In marketing, we all make mistakes. So much of our work is automated that it’s really easy for them to happen. Nevertheless, it’s not about whether you do or don’t make a mistake, but how well you recover. That’s what I want to talk about today.

Not all mistakes were created equal

I think it helps to separate mistakes:

  1. There are simple mistakes, things like, “Hi Firstname.” Frankly, we’ve all done it. It’s embarrassing when it happens and awful when you do it for a customer – as we did a couple of months ago. It just feels terrible and so amateurish.
  2. Then there are bigger mistakes that affect people – regarding access to something or the information they’re using. For instance, you might have miscommunicated the price, the availability, or the date. We want to do something about these errors.
  3. The next category is big, horrid mistakes. For these, we need a deeper and more sincere approach.
  4. And finally, we have personal mistakes.

Let me explain all of these in a bit more detail.

1. Small Slips

Let’s talk about small slips first. These are the “Hi Firstname” or “Hi F-name.” We’ve all done it before. I’m confident I’ve done it many times. You may have even done it yourself. How should you respond to that? The answer is, don’t. You’re tempted. You’re embarrassed. You feel like you want to look human and accepting of your errors. But frankly, don’t communicate.


  • Firstly, if you had an open rate of 20%, which is an average, then 80% of your audience didn’t even see it. Of those who had the opportunity to see it, I’ll bet only a third even noticed. And of those, I’ll bet a half even cared. If you go out to your entire list and recommunicate two messages where one would have been enough, that’s annoying.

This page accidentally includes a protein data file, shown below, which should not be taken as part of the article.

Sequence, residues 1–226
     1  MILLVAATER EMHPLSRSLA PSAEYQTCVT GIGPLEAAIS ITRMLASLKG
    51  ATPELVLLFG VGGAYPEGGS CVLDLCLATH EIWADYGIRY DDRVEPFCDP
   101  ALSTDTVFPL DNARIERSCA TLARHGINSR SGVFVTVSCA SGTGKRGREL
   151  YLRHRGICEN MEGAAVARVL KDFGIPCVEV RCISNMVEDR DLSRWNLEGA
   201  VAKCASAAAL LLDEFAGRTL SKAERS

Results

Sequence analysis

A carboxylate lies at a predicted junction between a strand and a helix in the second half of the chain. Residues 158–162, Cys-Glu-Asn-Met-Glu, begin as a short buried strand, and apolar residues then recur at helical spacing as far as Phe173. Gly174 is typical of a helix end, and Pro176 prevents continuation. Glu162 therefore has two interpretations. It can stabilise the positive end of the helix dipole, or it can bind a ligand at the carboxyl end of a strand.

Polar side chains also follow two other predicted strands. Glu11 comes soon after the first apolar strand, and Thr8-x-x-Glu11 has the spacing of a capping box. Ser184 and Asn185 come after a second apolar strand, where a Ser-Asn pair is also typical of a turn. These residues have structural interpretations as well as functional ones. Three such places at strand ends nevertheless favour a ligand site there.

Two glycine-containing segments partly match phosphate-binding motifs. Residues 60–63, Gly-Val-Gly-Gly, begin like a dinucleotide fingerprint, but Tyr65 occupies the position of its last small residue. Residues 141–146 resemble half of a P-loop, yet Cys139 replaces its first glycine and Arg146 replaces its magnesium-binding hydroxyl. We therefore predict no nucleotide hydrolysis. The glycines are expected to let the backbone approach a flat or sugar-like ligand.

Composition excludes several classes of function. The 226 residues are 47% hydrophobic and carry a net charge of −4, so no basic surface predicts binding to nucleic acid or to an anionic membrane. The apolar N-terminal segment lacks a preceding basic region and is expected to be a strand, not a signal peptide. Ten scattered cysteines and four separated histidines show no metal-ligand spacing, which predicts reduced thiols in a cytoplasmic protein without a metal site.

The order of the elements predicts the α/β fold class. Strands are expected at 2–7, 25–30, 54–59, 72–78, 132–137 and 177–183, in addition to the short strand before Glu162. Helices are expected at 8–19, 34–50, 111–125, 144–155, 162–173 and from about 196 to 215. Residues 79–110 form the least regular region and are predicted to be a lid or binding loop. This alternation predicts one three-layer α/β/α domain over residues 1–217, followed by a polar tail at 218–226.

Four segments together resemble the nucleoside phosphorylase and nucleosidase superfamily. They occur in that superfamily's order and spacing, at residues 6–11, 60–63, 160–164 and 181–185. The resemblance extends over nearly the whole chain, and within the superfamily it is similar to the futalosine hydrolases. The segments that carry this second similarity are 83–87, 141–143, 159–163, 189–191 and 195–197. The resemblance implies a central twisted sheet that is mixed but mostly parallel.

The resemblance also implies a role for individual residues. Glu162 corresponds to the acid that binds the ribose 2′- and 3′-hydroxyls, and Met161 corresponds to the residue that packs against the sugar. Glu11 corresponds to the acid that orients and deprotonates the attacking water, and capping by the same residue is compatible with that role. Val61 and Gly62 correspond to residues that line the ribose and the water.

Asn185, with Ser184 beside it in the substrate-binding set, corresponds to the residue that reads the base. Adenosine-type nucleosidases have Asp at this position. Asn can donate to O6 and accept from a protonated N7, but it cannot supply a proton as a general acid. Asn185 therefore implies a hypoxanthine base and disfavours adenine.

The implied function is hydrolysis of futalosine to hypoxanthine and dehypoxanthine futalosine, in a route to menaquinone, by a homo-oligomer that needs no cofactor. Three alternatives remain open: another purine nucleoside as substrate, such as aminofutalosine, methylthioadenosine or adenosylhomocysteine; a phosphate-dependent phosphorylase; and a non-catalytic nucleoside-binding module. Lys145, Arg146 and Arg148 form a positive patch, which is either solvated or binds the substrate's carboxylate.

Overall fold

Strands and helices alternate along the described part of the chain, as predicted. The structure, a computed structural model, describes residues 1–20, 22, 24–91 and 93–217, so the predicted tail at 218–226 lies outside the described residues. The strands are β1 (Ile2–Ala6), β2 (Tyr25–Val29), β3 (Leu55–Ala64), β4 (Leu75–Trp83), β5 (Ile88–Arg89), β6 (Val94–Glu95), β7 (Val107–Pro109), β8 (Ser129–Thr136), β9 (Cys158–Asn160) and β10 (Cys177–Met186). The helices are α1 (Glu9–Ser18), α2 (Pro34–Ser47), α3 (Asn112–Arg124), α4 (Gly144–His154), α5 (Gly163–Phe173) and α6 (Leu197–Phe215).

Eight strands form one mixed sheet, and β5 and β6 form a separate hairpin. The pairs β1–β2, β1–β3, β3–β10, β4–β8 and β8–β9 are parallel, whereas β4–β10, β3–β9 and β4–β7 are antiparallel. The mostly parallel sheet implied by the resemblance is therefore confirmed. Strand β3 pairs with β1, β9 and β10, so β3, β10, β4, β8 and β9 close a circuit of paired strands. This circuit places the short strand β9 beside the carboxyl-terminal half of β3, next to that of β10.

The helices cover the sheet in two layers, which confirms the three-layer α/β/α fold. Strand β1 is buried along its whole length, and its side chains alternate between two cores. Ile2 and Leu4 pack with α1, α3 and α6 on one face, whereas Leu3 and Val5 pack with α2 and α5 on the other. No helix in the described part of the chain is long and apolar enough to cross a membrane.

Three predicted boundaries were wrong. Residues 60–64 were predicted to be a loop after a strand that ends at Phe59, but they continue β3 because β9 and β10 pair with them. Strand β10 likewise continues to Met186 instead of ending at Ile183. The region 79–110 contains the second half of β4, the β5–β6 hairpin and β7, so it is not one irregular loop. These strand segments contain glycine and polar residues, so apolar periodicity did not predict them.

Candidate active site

• Secondly, you’re highlighting an error that most people didn’t even notice.
  • And thirdly, it honestly didn’t matter. People know you’re human. Let it go.

2. An Error that Affects People

On the other hand, we do need to respond to the second type of error which is when we have miscommunicated information. For example, say we made an offer meant for only part of our market, but we sent it to the entire market. Perhaps we said it’s only available in this location or for these kinds of customers.

That’s pretty embarrassing. You’ve now told a group of people about something they can’t have. Or maybe it wasn’t so much a geographical or a segment type issue. Maybe you just got the facts wrong; for example, providing an incorrect date or some other important detail. That does matter and it needs to be corrected.

To correct it, follow these steps:

  1. Communicate quickly
  2. Apologise
  3. Explain what went wrong
  4. Give them a reason to forgive you

You might have to provide them with a little extra discount or maybe you can broaden the offer. It’s going to be very situational and depend on the relationship you have with your market. Whatever the case, give them some reason to forgive you.

3. A Horrible Error

The third kind of error is a biggie. This error is where somebody has done something really foolish and really impactful. In this instance, we need everything that I mentioned before: you need to communicate quickly, you need to apologise, explain what went wrong, and give them a reason to forgive you.

But, we also need to do some different things. We need to make sure the change we’re telling our market about is radical and permanent. If you’ve made a big mistake, make a big correction. For real, not just in words.

The next point is that it needs to come from the CEO – not from Marketing – and it needs to be really personal from the CEO. For example:

“We made an error. Buck stops with me. I am so, so sorry we did that. Here’s what we’ve done to fix it. Here are the actions we’re going to take.”